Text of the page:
This blog relates what I wrote as a private FB post for those of my friends who didn’t already know about my possible diagnosis, and for those kind people who I could be friends with….
Hello All =D
I have created this private group for people I consider to be friends and those who have been kind to me.
I have recently been diagnosed as being on the autistic spectrum, and want this to be a space where I can tell people I like about this.
For some this may come as a surprise, for others you may be sceptical, for others still you may think ‘well obviously’.
I am very happy about this diagnosis, this label. The fact is I am autistic, I am a female autistic, and I am me. This diagnosis has meant that I understand myself that bit more:
I understand why it’s always been difficult for me to make friends (and you lovely people are the good ones who persevered, probably for months).
I want this to be a space where my friends can ask the questions that might typically come across as offensive if they did not come from people I like =)….
Like: “But you don’t LOOK autistic!” – Yes, I do. Because I think perhaps when people say this, what they mean is “you don’t BEHAVE like you’re autistic”.
The fact is, autism is about behaviour, and more specifically social behaviour and interactions with others, and it is a spectrum – no two autistics are alike! Largely, people imagine the stereotype they see in the media – Rain Man has a lot to answer for! Autism is in the brain…this is NOT to say that my brain is ill, disordered, or broken, although many would have you believe this, including some clinicians (but not all).
“It’s OK, we’re all a little autistic and on the spectrum” – No, we’re not, and don’t think that by saying this you are making me feel better (I don’t need to feel better, already awesome remember?), all this does is diminish and invalidate my experiences, which are qualitatively different to non-autistics.
“But you’re empathetic?!” – Yes, and so are many male autistics. Autism is not about lacking emotional empathy (the ability to feel, and feel what others feel) – it is more about difficulty in processing or understanding COGNITIVE empathy (imagining, or understanding another’s thinking process, reasons for their actions etc.).
“Vaccines cause autism – shame you were vaccinated” – Autism is a developmental ‘condition’, but what I want you to take away with you is the knowledge that autism (and many a mental ‘illness/disorder/condition’) is about neuro-diversity – the diversity of the human mind. Human brains are diverse, and are as such for evolutionary reasons – for variation. Nothing CAUSED me to be autistic, it’s just the way my DNA arranged my neural connections (so no, autism is irrefutably NOT linked to vaccines).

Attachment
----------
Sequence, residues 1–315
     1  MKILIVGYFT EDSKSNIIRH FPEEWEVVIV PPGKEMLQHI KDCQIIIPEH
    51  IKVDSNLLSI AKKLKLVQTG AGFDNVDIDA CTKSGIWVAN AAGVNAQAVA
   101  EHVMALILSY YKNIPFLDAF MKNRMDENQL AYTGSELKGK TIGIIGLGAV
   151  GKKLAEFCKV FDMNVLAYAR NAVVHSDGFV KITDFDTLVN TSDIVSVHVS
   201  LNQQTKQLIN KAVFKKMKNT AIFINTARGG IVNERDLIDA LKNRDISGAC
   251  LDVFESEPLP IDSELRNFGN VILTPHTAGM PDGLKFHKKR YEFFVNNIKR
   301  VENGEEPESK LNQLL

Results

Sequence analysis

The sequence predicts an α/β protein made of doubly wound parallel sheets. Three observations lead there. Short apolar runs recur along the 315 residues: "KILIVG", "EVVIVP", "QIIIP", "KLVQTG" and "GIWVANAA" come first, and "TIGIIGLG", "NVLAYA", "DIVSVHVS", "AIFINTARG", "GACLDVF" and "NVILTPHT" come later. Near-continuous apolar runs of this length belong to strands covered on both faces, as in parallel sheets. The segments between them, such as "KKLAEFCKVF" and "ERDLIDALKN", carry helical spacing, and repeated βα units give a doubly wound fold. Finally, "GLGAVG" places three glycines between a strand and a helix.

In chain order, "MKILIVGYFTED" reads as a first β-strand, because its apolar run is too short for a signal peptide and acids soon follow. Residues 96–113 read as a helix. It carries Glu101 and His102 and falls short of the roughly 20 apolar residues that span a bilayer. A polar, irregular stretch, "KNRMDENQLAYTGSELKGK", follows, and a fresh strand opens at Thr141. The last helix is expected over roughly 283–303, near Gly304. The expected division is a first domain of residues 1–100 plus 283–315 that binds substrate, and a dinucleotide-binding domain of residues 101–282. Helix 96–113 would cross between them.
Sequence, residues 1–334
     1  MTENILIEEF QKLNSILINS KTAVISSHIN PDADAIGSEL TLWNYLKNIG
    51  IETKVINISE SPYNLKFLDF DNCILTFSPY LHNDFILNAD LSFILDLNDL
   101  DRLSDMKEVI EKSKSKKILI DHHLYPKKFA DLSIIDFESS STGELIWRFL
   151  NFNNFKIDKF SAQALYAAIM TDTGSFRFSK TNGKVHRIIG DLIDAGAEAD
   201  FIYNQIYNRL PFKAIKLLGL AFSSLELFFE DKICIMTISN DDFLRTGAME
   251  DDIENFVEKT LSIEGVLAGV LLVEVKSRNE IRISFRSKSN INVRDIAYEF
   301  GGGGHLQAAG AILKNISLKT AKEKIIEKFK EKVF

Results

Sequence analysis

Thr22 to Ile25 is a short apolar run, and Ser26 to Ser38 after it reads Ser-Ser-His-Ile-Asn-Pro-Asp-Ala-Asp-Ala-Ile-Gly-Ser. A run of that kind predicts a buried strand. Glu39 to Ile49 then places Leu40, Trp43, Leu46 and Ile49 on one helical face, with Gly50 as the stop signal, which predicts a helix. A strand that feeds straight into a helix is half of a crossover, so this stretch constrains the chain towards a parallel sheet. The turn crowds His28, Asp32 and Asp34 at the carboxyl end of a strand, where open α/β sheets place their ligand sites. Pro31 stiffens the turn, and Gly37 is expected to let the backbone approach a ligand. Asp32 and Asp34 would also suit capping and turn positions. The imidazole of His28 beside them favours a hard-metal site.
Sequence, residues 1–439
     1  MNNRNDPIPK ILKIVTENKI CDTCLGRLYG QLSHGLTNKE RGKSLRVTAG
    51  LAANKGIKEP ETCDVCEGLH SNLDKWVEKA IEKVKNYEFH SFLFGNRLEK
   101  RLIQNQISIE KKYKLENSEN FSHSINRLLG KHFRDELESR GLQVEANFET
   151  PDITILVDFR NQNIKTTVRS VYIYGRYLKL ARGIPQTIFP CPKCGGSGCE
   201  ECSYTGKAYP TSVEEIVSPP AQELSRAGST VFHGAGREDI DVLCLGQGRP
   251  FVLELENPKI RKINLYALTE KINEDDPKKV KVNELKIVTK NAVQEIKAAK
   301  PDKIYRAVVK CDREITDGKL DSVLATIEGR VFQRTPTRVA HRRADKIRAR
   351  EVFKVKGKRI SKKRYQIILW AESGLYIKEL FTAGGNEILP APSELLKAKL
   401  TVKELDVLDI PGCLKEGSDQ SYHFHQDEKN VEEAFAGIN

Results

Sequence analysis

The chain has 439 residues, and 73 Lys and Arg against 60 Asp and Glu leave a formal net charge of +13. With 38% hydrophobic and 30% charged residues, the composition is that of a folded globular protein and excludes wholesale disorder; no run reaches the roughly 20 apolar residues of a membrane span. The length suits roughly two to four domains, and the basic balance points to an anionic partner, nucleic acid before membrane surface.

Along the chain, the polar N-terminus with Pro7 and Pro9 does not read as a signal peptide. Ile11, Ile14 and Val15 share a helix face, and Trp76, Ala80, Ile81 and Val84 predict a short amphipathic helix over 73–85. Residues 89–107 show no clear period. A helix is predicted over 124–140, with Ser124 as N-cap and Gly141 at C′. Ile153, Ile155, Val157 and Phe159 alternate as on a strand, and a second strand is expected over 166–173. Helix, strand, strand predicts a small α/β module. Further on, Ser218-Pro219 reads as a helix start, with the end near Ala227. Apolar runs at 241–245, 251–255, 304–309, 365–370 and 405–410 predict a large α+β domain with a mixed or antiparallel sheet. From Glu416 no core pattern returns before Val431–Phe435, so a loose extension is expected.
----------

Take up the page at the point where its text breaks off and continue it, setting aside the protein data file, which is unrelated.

“I thought only boys were autistic?” – This has been the prevailing theory, but there are more likely as many female autistics as there are males, it just expresses differently in women….for an unofficial checklist of female autistic experiences you can read the linked blog.
“Shouldn’t you call yourself a person with autism?” – Autistic vs. person with autism: Now I have had discussions and read up on this, especially as I advocate person-first language when discussing e.g. schizophrenia. I came to the conclusion that I AM autistic. I am happy to be so, it is not something that comes and goes, it is a large part of what makes me, me. Is there some of my behaviour that is distinctly not-autistic, and some that is? How on Earth can I differentiate, if at all? So no, I am not able to remove autism, and quite frankly, I wouldn’t want to – would I be me if I could? Would I be able to do the research that I do if I were not autistic? Possibly, but probably not.
Lastly: I want you to be able to say you know at least ONE female autistic. Talk about me. She is an individual, and she has some difficulties due to societal expectations of normality, but she is also x,y,z (fill in with your own lovely things about moi =D).
Ask me questions, on here, in messenger, in person….knowledge and positive contact with someone from an outgroup improves everybody’s lives (“There she goes, had to make it about psychology and her research!” – well DUH!
– I’m so funny!).